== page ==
Joseph Jude

Writing command line programs in Golang

2018.06.20 / code / golang /

We will write a command-line calculator using Golang in this tutorial.

Command Line Program in Golang

I have been using Golang for writing web applications. It is equally good for writing command line applications. Some of the reasons are:

  1. Easy to learn. The language itself can be learned quickly. Go through Go By Example and you will know the language. You can learn it quickly in a day or two.
  2. Easy to read. Go is highly opinionated. There are standard tools to format the code. Since the language itself is small, there is only so much to remember. These two points make Golang code easy to read.
  3. Easy to develop. Since the language is procedural, it is easy to conceptualize and write applications.
  4. Easy to distribute. You can create a single binary file and distribute. If you want to cross-compile, you can do that too.

Installation

If you are on Mac, then the easiest way is to install via homebrew. Follow my step-by-step guide to install Golang on Mac via brew.

You can also install it via docker. Follow my step-by-step guide to install docker and then Golang within docker. This also installs dep, the package management tool for Golang.

If these two methods doesn’t work, then you can follow the installation guide from Golang homepage.

Let us build a calc

Our goal in this tutorial is to build a simple command-line based calculator. In this post, we will provide only one operator, add. If you input add 4 4, it will return 8.

You can download the code from my gitlab repository.

Let us start

Golang uses dep as a dependency management tool. Here is a detailed guide on using dep.

Initialize the project with: dep init. This will create a directory structure like this:

.
├── Gopkg.lock
├── Gopkg.toml
├── README.md
└── vendor

Create a skeleton main.go like this:

package main

import "fmt"

func main() {
	fmt.Println("Cool cli")
}

We will use the cli package. Install it via:

dep ensure --add gopkg.in/urfave/cli.v1

dep will install urfave/cli into your vendor directory.

Let us start with a simple skeleton. Change your main.go to this:

package main

import (
	"log"
	"os"

	cli "gopkg.in/urfave/cli.v1"
)

func main() {
	app := cli.NewApp()
	err := app.Run(os.Args)
	if err != nil {
		log.Fatal(err)
	}
}

Here we initialize a new cli application and then run with any arguments that we provide. We are not doing anything with the arguments as of now.

You can run this application with: go run main.go. It will output this:

NAME:
   main - A new cli application

USAGE:
   main [global options] command [command options] [arguments...]

VERSION:
   0.0.0

COMMANDS:
     help, h  Shows a list of commands or help for one command

GLOBAL OPTIONS:
   --help, -h     show help
   --version, -v  print the version

Help them know your tool

Let us add some helpful tips. We name the application and add usage text.

package main

import (
	"log"
	"os"

	cli "gopkg.in/urfave/cli.v1"
)

func main() {
	app := cli.NewApp()
	app.Name = "Calc"
	app.Usage = "A calculator tool"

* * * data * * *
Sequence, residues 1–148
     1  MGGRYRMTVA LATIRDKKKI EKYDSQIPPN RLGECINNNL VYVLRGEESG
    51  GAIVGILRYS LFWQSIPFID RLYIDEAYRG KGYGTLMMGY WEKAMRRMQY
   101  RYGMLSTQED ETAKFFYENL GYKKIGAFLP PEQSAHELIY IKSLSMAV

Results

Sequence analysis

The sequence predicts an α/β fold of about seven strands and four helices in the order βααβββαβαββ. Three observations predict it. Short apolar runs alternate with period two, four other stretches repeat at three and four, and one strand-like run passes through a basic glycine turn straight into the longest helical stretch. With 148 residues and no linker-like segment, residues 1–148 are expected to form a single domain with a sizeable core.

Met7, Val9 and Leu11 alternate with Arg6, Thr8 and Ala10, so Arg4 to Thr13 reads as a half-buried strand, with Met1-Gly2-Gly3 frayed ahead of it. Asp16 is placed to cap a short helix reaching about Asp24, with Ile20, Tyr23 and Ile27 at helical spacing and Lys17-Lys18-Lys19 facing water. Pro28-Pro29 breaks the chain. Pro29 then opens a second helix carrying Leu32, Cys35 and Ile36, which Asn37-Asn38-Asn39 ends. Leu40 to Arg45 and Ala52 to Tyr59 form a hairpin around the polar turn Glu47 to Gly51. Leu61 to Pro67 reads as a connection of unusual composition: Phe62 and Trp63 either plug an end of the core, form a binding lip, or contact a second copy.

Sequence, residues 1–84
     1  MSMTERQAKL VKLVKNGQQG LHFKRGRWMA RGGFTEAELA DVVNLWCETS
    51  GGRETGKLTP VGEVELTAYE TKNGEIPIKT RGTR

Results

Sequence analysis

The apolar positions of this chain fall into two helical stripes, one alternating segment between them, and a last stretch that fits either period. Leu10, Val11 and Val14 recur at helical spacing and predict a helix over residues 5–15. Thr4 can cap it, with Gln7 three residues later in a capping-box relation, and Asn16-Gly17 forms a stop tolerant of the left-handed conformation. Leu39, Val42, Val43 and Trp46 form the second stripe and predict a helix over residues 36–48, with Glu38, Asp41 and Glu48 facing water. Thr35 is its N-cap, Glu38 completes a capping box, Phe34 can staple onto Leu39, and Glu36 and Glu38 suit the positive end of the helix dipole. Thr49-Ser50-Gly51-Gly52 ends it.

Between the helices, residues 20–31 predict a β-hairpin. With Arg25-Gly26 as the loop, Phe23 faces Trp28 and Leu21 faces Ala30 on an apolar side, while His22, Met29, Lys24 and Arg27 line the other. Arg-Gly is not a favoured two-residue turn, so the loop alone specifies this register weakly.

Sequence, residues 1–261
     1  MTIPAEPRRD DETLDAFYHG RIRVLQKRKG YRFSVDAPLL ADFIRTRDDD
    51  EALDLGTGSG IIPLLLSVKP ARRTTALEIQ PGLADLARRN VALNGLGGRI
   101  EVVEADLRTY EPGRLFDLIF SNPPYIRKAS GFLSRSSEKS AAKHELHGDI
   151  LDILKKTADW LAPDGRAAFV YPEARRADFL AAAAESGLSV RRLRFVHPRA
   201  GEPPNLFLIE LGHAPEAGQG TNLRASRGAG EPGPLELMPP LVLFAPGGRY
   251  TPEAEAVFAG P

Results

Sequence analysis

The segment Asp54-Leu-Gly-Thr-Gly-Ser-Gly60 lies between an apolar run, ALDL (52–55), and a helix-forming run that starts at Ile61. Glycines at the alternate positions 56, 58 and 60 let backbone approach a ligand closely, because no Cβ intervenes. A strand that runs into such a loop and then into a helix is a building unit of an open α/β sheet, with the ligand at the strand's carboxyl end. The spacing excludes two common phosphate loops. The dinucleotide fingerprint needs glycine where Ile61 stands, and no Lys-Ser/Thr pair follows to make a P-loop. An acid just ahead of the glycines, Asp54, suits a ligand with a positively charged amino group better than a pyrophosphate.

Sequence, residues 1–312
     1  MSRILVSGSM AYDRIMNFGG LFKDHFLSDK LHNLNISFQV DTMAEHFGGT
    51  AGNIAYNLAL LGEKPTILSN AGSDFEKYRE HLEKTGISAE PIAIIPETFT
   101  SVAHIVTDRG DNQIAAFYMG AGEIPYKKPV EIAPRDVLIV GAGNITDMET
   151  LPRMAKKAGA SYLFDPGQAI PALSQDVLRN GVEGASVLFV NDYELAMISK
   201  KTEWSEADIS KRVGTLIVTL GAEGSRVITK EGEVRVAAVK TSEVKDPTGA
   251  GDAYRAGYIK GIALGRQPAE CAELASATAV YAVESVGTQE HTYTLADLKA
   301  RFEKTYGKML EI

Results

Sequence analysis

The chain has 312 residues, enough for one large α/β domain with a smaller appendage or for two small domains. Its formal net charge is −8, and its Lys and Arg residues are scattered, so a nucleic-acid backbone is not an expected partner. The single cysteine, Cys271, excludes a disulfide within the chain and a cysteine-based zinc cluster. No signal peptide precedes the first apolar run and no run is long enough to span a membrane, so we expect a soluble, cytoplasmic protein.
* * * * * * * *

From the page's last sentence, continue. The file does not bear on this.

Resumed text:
app.Description = "For support, contact ..email.."
	app.UsageText = "calc <op> <num1> <num2>"
	app.Version = "1.0.0"
	app.Authors = []cli.Author{
		cli.Author{
			Name: "Joseph Jude",
		},
	}
	err := app.Run(os.Args)
	if err != nil {
		log.Fatal(err)
	}
}

Now if you run it with go run main.go, it will show this:

NAME:
   Calc - A calculator tool

USAGE:
   calc <op> <num1> <num2>

VERSION:
   1.0.0

DESCRIPTION:
   For support, contact ..email..

AUTHOR:
   Joseph Jude

COMMANDS:
     help, h  Shows a list of commands or help for one command

GLOBAL OPTIONS:
   --help, -h     show help
   --version, -v  print the version

Adding numbers

Let us add a command - add. cli stores all commands in app.commands. The signature of the function is func(c *cli.Context) error {}.

For this command, we have to get two arguments. For now, let us just print these arguments.


func main() {
	app := cli.NewApp()

	app.Commands = []cli.Command{
		{
			Name:    "add",
			Usage:   "add two numbers",
			Action: func(c *cli.Context) error {
				fmt.Printf("You sent %q and %q", c.Args().Get(0), c.Args().Get(1))
				return nil
			},
		},
	}

	err := app.Run(os.Args)
	if err != nil {
		log.Fatal(err)
	}

}

If you run it with go run main.go add 4 4, it will just print these numbers.

These arguments are obtained as a string. Let us convert them into integers, add them, and print out the result. Modify the code segment as this:

app.Commands = []cli.Command{
		{
			Name:    "add",
			Aliases: []string{"a"},
			Usage:   "add two numbers",
			Action: func(c *cli.Context) error {
				a, _ := strconv.Atoi(c.Args().Get(0))
				b, _ := strconv.Atoi(c.Args().Get(1))
				fmt.Printf("%v\n", a+b)
				return nil
			},
		},
	}

If you run it now with go run main.go add 4 4, it will output 8.

Further enhancements

You can learn further by adding more commands like multiplication, division, and subtraction.

This program doesn’t handle any errors. What if the user doesn’t enter two arguments? What if the user enters a string as an argument? You check for these and print out an error message.

Further Reading


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